Literary reader of faith: I urge you now, as I’ve urged friends, students, and anyone who would listen for over a decade, toward the poetry of Adélia Prado. She is without question one of our greatest living poets, her inimitable voice at once earthy and mystical, unassuming and ecstatic. In her introduction to The Alphabet in the Park, Prado’s first book in English, translator Ellen Doré Watson tells the story of the “discovery” of Prado in the 1970s by Brazil’s preeminent poet at the time, Carlos Drummond de Andrade. While Prado herself remained characteristically humble (“I’m a simple person, a common housewife, a practicing Catholic,” she said), Drummond, upon reading her poems, pronounced in his Rio de Janeiro newspaper column: “Saint Francis is dictating verses to a woman in Minas Gerais.” This endorsement earned Prado’s work the attention it deserved in her home country, and yet she remained untranslated into English until 1990, when Doré Watson, thank God, took up the mantle. So what we have in this poem is indeed buried treasure, as a Prado translation is a rare gift. As I bask in these lines, I’m reminded of a question Scott Russell Sanders asks in his essay “Buckeye”: “How can our hearts be large enough for heaven if they’re not large enough for earth?” Now give yourself over to Adélia Prado, then get one of her collections. Her work has the power to change the way you think about the art of poetry and the throne of grace.—Dan Bowman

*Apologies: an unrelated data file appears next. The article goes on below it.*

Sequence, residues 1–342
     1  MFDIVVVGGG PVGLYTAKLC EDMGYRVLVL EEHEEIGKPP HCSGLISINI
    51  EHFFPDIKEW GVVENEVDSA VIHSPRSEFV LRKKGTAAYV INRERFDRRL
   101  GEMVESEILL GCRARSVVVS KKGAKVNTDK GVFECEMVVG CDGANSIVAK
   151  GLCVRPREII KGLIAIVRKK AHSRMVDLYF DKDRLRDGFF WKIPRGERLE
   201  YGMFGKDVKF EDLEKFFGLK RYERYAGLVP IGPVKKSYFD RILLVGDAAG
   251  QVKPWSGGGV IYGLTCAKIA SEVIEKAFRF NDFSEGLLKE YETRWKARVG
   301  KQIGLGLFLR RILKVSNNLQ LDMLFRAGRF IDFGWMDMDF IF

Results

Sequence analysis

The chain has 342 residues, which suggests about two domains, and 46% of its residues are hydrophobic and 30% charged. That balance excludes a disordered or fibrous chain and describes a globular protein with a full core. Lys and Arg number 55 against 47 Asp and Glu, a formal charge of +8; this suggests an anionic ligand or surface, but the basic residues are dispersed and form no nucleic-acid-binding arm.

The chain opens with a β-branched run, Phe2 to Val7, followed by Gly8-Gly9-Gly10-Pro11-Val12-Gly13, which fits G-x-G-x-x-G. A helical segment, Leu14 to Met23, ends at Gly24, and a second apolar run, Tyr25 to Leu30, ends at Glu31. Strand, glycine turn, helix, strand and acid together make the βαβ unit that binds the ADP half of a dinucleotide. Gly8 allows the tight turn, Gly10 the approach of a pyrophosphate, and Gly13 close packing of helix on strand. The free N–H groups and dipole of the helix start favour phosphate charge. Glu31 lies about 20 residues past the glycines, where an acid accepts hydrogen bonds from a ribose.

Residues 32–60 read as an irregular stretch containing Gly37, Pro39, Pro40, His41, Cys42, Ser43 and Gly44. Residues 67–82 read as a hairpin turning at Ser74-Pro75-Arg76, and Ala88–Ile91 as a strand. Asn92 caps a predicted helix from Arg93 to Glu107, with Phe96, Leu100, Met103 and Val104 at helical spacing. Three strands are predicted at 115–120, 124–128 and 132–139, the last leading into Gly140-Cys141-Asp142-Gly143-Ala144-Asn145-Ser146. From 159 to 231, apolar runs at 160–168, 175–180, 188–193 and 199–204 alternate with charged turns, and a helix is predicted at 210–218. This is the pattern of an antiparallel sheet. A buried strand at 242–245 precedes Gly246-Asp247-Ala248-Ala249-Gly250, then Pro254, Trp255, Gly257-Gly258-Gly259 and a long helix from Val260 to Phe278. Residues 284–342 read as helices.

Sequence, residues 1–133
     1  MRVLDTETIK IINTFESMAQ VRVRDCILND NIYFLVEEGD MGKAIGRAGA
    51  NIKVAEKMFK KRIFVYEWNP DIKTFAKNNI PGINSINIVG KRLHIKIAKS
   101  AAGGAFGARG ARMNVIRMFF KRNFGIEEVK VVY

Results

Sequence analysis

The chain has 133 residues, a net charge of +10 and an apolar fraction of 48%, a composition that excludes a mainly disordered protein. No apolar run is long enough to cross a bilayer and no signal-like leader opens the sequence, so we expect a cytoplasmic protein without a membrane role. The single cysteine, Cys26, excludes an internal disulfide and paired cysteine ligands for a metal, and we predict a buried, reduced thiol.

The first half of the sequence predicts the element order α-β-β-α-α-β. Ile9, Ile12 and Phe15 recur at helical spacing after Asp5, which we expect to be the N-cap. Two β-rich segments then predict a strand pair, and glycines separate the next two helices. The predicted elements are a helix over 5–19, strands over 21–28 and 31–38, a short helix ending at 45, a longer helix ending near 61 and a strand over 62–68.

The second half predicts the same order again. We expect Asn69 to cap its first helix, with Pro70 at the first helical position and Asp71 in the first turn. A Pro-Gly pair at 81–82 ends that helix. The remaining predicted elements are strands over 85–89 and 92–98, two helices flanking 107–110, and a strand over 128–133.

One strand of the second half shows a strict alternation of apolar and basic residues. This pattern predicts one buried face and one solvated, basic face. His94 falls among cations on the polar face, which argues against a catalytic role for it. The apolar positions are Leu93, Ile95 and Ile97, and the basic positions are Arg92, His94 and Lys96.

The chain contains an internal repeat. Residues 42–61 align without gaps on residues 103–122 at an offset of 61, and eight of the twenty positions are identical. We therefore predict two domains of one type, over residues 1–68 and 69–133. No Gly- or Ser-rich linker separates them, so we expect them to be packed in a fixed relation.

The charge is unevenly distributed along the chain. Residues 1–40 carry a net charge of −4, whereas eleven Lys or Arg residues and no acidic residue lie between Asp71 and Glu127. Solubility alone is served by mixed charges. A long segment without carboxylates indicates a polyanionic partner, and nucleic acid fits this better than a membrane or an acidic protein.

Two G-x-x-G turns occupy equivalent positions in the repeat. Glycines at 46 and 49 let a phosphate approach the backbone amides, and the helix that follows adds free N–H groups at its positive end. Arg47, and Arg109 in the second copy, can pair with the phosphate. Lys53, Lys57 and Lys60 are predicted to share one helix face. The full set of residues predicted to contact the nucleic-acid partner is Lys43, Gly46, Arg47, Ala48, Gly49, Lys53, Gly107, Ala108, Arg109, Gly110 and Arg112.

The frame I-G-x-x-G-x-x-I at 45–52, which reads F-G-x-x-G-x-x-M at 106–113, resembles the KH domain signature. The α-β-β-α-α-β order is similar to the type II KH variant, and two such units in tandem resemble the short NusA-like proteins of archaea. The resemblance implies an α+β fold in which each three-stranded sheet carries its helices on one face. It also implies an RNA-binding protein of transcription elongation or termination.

“Buried Treasure,” by Adélia Prado
Farther away the closer it gets,
time outwits science.
This fossil is how many millions of years old?
The same age as my pain.
Love laughs at swagger,
men sleepless over their calculators.
The invisible enemy decks himself out
to keep me from saying what makes me eternal:
O world! I’ve loved you ever since
the unrebellious angels came on the job.
To save myself from notions leading nowhere
I say: I adore You.
Knees on the earth, I adore You,
O gold-bearing mustard seed,
tiny heart in the entrails of minerals.
In mud, feces, and suspicious secretions
I adore You, I love You above all things.
Translated from the Brazilian Portuguese by Ellen Doré Watson
Adélia Prado is one of the foremost poets of Brazil, praised both in literary circles and the mainstream media. The author of six books of poetry and six of prose, Prado was praised byVeja (Brazil’s Newsweek) as “a writer of rare brilliance and invincible simplicity.” The Alphabet in the Park: Selected Poems of Adélia Prado, translated by Ellen Doré Watson, was published by Wesleyan in 1990.